When I was a kid, I was a huge fan of the children’s book series A Series Of Unfortunate Events by Lemony Snicket (real name was Daniel Handler). I read them, then reread them, and deciphered just about everything I could in them. To this day, I still think the 2005 film adaptation is severely underrated and the Netflix series was a flawed but effective interpretation of the story. I loved the world that Daniel Handler crafted, filled with codes, secret passageways, lost love, betrayal, and the darkness of humanity. At the time I first read them as a kid, they were just fun, dark, engrossing stories, but even I recognized at twelve years old how much depth Daniel packed into them. As an adult, I look back on them and I see how freakishly close they are to showing off the world of today.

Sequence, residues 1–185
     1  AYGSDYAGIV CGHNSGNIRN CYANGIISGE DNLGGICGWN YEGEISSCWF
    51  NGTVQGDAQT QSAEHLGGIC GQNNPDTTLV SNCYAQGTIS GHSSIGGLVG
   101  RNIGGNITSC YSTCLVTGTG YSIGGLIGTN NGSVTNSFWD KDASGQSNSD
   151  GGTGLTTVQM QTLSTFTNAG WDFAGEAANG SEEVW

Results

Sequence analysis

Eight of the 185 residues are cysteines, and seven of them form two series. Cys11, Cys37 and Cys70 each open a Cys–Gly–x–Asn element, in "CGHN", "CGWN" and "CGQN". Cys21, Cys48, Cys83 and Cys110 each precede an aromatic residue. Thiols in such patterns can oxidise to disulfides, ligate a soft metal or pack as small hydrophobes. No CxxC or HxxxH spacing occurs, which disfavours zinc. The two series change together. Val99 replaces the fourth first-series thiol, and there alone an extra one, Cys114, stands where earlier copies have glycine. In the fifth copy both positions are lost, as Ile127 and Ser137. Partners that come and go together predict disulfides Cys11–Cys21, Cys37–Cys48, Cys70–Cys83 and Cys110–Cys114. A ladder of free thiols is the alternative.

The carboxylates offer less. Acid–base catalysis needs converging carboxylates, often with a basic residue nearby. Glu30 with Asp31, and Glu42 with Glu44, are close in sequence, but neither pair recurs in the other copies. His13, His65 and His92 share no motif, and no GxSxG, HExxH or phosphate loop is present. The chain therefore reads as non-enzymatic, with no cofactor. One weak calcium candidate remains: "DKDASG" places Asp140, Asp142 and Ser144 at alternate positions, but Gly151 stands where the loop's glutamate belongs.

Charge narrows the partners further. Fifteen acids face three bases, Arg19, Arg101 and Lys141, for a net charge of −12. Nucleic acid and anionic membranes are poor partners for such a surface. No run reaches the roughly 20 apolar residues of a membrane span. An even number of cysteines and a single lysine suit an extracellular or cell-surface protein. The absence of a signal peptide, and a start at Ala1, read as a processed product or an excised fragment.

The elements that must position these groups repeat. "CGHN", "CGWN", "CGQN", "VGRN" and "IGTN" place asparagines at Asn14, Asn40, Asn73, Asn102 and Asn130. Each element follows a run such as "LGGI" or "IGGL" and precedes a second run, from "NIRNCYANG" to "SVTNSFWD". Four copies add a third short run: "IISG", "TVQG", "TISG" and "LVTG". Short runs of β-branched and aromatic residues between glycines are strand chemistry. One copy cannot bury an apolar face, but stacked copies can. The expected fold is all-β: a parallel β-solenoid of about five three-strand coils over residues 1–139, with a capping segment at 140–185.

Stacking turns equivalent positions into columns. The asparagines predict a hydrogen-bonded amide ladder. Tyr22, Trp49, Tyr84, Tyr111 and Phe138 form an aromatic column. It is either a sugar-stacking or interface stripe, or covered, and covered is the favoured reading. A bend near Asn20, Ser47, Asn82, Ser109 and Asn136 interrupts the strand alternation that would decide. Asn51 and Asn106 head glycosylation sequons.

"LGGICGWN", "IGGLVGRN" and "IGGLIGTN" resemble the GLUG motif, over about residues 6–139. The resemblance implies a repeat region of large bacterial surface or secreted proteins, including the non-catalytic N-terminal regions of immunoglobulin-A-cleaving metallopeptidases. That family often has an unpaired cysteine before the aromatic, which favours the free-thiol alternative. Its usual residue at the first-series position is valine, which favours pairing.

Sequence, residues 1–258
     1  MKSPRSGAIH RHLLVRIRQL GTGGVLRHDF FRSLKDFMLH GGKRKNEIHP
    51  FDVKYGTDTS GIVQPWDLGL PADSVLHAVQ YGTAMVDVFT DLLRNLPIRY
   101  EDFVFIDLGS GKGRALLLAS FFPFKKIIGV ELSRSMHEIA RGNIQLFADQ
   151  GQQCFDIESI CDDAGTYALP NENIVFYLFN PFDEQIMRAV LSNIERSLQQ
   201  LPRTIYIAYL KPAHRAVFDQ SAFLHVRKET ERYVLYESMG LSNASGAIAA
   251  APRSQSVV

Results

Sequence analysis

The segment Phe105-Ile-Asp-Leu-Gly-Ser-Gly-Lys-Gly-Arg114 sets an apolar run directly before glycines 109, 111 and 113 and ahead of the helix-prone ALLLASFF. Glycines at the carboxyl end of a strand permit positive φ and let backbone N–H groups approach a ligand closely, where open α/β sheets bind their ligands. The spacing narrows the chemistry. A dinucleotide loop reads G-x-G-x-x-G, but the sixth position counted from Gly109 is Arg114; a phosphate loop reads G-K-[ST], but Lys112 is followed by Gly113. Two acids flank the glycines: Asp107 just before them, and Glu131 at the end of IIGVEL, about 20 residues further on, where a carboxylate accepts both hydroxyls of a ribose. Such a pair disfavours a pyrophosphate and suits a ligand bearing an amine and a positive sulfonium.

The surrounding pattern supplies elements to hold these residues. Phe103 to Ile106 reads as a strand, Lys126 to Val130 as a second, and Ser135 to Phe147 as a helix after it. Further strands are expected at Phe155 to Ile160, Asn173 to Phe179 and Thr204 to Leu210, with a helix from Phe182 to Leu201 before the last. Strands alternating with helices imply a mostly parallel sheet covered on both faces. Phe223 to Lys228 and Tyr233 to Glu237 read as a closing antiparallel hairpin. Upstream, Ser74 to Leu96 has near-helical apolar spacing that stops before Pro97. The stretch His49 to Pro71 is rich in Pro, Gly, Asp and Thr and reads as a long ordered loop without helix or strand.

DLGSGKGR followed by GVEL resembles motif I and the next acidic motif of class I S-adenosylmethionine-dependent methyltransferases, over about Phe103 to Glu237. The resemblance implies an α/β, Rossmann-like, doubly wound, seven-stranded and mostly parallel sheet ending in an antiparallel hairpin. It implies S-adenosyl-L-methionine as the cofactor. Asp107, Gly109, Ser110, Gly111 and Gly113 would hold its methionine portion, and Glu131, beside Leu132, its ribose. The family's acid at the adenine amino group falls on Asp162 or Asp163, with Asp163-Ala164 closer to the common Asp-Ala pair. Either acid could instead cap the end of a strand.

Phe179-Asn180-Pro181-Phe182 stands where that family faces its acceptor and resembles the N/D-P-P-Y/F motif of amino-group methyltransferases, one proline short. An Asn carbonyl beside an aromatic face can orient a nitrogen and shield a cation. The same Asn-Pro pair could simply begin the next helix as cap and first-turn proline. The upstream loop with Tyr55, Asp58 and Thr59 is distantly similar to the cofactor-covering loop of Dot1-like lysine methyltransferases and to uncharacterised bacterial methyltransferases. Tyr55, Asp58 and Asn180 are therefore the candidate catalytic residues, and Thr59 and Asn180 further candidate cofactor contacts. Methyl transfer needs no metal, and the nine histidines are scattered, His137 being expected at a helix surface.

Daniel knew and understood humanity’s worst tendencies, often portraying them in the books through scenarios that, at the time of reading them, came off as goofy and over the top. Now I think about them and realize they brush up against reality. The premise of the series is simple at first. Three young children are orphaned by a fire that destroys their home, and they’re taken to live with their uncle Count Olaf, a greedy, vicious man who wants to steal the enormous fortune left behind by the children’s parents. The children, Violet, Klaus, and Sunny Baudelaire are resourceful, smart, and inventive for their age, and they manage to evade Olaf at every turn, but it sets them on a depressing path in their lives. They’re taken from home to home and Olaf stalks them every time, donning a new disguise to trick their unsuspecting new guardian (and it works every time without fail). This pattern keeps up for a while, until the story expands into involving secret organizations, codes, and gray morality. The series goes deep into the many, many failures heaped up by humanity itself. How the adults around the Baudelaire children can’t be relied on for help, and how it takes their own resourcefulness to escape Olaf every time. While the adults often act goofy, shallow, and dim, there’s a cold truth to the way they are, that not only reflects on past failures of humanity but also holds a magnifying glass to humanity in the modern world.